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NFL Hall Of Famer Jimmy Johnson Dies at 86

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Jim Johnson from San Francisco 49ers YouTube Channel

Former 49ers Hall of Fame defensive back Jimmy Johnson, who was named the first-string cornerback on the NFL’s 1970 All-Decade Team, passed away this week at the age of 86.

Johnson was born in Dallas and raised in Kingsburg, California. After graduating from high school, Jimmy attended the University of California, Los Angeles. During his time at UCLA, Johnson won the NCAA 110-meter hurdles championship and was named an All-American in track and field.

In addition to his success in track and field, Johnson also played for the UCLA Bruins football team as a wingback and defensive back. In 1959 and 1960, Johnson totaled 812 yards from scrimmage.

Johnson was selected with the sixth overall pick in the 1961 NFL draft. As a rookie, Johnson appeared in 12 games for the 49ers, playing as a cornerback. He finished the season with five interceptions and 116 return yards.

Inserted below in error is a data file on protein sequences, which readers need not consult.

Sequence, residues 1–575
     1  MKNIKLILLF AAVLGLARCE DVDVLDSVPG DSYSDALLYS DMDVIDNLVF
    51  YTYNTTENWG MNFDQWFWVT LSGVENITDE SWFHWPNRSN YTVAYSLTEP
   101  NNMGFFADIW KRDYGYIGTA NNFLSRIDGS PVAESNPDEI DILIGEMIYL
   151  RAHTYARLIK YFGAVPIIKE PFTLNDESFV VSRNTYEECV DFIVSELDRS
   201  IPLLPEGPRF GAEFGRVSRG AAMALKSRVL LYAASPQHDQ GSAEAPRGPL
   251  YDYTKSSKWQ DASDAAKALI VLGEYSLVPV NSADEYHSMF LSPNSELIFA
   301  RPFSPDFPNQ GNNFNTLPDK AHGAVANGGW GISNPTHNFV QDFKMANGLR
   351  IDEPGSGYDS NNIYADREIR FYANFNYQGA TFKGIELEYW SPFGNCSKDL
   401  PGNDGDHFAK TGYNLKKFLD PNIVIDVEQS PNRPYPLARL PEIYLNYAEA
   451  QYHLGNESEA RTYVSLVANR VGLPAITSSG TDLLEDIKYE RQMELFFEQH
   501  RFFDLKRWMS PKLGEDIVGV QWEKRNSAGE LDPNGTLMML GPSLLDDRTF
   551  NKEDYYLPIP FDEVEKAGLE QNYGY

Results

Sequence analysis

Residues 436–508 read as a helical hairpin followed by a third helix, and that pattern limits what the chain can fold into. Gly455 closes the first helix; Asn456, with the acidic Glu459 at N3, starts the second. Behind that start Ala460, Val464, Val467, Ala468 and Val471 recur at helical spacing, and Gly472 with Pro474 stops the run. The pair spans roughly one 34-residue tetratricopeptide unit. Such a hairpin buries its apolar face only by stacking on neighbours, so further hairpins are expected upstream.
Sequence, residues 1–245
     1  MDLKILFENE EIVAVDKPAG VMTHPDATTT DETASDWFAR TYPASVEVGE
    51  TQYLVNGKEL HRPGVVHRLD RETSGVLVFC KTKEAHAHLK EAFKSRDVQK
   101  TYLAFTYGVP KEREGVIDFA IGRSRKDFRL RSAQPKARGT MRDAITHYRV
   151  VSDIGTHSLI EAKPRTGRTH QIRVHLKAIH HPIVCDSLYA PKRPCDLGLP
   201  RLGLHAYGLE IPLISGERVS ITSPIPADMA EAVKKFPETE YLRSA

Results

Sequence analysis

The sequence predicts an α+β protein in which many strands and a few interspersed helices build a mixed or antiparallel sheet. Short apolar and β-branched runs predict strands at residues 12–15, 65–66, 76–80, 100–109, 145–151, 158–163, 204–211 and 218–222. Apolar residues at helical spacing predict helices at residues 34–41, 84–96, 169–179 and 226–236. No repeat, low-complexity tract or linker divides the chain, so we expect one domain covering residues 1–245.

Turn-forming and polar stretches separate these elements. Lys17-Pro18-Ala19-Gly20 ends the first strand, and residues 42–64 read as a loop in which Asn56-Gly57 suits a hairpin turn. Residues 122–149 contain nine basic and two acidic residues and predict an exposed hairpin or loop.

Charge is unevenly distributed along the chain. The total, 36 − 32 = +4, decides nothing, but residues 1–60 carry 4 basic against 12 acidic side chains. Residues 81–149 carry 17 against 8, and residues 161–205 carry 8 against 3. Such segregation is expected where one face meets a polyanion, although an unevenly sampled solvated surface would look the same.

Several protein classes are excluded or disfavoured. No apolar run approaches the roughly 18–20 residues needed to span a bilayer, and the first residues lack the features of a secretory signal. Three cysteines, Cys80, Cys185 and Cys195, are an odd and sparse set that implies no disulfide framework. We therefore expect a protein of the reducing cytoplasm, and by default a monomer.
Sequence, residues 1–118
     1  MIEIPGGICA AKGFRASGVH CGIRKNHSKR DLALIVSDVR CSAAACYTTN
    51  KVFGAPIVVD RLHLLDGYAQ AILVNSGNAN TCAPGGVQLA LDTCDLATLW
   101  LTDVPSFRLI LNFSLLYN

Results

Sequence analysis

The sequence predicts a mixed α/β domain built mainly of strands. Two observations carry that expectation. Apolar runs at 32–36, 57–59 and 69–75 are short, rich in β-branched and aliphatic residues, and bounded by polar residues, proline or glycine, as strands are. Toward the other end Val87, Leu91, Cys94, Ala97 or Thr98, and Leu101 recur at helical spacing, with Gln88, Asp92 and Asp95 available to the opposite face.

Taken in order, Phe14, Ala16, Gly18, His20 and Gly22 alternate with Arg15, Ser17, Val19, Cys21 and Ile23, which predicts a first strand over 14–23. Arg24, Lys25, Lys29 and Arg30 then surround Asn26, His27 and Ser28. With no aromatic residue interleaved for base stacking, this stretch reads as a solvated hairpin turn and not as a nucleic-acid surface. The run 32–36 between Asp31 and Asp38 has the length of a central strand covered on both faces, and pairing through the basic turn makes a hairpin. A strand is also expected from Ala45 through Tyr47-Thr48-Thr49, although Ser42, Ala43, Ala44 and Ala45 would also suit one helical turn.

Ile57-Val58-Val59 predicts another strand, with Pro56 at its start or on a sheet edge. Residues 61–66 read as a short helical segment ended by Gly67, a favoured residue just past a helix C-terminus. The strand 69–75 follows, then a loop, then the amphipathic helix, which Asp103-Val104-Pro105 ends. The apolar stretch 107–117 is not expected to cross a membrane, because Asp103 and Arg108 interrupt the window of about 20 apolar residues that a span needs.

In 1962, Jimmy was switched to wide receiver, where he caught 34 passes for 626 yards and four touchdowns. His most productive performance as a wide receiver was against the Detroit Lions, where he caught 11 passes for 181 yards. Duringthe same season, Johnson also caught an eighty-yard game-winning touchdown pass, which was the longest scoring pass in 49ers history at that time.

The 49ers organization released a statement following the passing of their former star player.

“The 49ers family is deeply saddened by the passing of one of the NFL’s all-time greats, Jimmy Johnson. Jimmy embodied the essence of what it meant to be a 49er. He was the ultimate gentleman and will be remembered for his humility, kindness and loveable demeanor. We send our condolences to his wife Gisela and his entire family at this difficult time.”

Touchdown Wire

Throughout his 16-year NFL career, Johnson compiled 47 interceptions, 615 return yards, and two touchdowns as a cornerback, as well as 40 receptions, 690 receiving yards, and four receiving touchdowns. Johnson was selected to theFirst Team All-Pro four times, attended five Pro Bowls, had his number 37 retired by the 49ers, and was chosen to join the San Francisco 49ers Hall of Fame.

Rest in peace!

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